Egypt to release vessel impounded in the wake of Suez Canal blockage

Egypt is set to release the MV Ever Given on Wednesday, over 100 days after the megaship was refloated, having blocked the Suez Canal for six days, crippling global supply lines and costing billions.

The 200,000-tonne container vessel became wedged across the canal during a sandstorm on 23 March, blocking the shortest route from Asia to Europe. The Suez Canal carries 10 percent of global maritime trade and pumps vital revenues into Egyptian state coffers.

After a round-the-clock salvage operation to dislodge the ship, Egypt demanded compensation from Japanese owners Shoei Kisen Kaisha for lost canal revenues, salvage costs and damage to the shipping channel.

The Suez Canal Authority (SCA) announced Sunday that a final deal had been reached, without disclosing the amount of compensation to be paid.

Cairo demanded 850 million euros

Cairo had initially demanded 850 million euros in compensation before slashing that to around 470 million, but the final amount has been the subject of tough negotiations.

The SCA announced last month that it had signed a non-disclosure agreement with the Japanese firm ahead of reaching a final deal.

SCA chairman Osama Rabie, in a televised interview on Sunday, hailed the deal.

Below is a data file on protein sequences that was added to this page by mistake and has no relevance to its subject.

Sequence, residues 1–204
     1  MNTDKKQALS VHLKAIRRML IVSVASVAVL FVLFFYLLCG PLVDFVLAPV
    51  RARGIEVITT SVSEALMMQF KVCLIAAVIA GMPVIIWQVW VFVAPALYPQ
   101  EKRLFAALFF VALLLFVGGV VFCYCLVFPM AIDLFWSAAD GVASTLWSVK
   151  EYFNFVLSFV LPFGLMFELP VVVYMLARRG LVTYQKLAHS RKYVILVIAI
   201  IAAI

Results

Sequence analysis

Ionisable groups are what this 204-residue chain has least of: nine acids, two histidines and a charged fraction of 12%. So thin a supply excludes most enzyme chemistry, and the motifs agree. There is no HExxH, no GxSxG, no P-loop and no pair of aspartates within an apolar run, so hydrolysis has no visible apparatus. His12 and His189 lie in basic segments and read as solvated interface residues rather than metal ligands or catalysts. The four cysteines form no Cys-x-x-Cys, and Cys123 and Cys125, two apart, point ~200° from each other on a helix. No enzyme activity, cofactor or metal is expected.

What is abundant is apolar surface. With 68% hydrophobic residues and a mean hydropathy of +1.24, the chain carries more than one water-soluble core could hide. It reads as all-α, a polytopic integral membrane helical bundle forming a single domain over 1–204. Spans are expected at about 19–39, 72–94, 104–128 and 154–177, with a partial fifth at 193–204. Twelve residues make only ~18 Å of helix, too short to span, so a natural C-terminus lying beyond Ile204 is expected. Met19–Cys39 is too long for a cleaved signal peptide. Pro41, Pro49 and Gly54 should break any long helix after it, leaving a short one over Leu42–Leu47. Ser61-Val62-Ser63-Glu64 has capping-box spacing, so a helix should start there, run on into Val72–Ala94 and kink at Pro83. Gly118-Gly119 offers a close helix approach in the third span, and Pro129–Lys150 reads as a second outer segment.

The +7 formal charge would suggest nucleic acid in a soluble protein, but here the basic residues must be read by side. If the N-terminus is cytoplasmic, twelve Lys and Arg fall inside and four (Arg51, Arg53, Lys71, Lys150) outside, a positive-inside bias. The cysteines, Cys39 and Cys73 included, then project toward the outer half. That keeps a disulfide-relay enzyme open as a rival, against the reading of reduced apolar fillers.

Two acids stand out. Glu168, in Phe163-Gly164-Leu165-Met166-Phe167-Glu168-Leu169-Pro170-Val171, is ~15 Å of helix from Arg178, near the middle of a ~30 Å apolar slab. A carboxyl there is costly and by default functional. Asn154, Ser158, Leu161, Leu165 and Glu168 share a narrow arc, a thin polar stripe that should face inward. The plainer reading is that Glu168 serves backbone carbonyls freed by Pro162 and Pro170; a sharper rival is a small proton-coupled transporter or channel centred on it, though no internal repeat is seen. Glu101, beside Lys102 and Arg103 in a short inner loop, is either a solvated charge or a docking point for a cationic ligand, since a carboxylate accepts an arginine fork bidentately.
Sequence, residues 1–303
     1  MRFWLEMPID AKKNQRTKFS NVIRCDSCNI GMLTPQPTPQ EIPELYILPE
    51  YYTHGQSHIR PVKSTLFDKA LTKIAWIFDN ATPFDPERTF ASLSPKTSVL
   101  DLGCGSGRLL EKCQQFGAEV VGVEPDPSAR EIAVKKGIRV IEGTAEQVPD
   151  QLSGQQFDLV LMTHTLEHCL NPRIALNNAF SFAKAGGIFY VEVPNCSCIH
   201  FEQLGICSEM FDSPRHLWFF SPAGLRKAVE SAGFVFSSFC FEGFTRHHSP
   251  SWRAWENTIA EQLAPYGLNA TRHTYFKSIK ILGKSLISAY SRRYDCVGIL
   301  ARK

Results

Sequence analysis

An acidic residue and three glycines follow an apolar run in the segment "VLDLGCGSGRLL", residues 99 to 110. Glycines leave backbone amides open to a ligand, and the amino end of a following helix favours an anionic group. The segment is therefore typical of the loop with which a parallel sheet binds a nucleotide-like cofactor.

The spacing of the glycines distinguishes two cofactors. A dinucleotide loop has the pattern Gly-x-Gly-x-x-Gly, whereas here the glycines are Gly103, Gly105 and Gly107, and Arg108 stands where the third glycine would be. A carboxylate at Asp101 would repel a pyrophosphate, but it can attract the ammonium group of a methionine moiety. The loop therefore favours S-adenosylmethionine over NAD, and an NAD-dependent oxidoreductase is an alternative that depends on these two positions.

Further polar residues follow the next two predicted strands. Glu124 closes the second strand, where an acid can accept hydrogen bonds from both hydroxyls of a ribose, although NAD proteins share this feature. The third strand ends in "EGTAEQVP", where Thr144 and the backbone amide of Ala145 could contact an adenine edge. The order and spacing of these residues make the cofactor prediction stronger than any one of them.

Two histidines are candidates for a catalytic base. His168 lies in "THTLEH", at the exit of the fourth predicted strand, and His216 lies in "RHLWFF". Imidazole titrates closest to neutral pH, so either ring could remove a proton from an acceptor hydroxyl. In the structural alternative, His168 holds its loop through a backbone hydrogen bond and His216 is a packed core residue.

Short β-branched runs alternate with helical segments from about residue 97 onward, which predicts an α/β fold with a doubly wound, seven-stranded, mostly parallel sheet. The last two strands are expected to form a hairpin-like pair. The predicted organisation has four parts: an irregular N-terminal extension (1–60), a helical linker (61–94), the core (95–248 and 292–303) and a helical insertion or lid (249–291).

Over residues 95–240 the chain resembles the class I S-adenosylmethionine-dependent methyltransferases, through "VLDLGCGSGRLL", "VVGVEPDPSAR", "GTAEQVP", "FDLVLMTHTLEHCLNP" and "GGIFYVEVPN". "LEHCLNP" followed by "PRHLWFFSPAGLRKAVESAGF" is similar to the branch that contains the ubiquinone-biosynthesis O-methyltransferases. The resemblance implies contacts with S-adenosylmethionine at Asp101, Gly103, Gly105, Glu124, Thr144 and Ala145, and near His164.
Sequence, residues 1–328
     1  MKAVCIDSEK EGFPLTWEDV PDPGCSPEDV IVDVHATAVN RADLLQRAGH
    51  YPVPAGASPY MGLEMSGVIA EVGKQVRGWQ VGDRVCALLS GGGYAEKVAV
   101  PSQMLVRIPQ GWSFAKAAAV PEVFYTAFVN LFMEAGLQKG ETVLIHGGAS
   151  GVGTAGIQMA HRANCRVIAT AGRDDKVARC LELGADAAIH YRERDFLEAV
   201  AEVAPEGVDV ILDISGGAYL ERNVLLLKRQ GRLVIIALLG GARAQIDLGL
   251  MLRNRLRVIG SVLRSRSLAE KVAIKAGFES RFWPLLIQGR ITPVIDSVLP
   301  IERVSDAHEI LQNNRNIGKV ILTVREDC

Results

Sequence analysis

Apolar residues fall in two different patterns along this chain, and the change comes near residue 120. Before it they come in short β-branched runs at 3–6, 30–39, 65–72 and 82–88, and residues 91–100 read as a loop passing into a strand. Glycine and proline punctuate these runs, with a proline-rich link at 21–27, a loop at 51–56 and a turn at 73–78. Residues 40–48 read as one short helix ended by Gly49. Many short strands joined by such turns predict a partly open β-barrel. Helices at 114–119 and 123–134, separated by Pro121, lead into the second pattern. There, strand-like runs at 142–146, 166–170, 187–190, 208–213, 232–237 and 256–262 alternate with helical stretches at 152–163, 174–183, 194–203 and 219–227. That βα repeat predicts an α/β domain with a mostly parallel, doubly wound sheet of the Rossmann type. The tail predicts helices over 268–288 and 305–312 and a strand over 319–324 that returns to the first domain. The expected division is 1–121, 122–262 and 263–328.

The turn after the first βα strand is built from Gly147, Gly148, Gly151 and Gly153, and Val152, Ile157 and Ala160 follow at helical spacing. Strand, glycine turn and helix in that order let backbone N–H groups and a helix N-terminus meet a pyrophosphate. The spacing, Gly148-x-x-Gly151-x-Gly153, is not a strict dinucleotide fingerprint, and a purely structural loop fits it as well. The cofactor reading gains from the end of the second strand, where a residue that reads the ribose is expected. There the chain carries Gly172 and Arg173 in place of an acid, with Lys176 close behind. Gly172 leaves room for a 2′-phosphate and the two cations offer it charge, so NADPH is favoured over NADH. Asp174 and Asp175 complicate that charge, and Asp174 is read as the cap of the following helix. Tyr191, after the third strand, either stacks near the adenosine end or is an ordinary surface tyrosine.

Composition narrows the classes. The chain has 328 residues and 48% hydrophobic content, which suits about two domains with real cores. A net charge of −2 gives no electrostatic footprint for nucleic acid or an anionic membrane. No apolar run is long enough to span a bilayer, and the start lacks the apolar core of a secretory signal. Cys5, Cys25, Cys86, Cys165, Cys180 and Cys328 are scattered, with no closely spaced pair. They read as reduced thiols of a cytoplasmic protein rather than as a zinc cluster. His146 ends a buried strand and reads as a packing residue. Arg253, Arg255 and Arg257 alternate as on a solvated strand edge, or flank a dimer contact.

“We maintained our rights and we kept good relations with our clients,” he said.

Millions in lost revenues

Cairo, which earns nearly 5 billion euros every year from the Suez, lost between 10 million and 12 million in revenues for each day the waterway was closed, according to the SCA.

The MV Ever Given’s grounding and the intensive salvage efforts needed to refloat it also resulted in significant damage to the canal.

In April, maritime data company Lloyd’s List said the blockage held up cargo worth nearly 8 billion euros each day.

The Taiwanese-operated and Panama-flagged vessel was refloated on 29 March, and tailbacks involving 420 vessels at the northern and southern entrances to the canal were cleared in early April.

On Tuesday, the Ismailia Economic Court ruled the seized ship and its crew could be released, following a request from the SCA.

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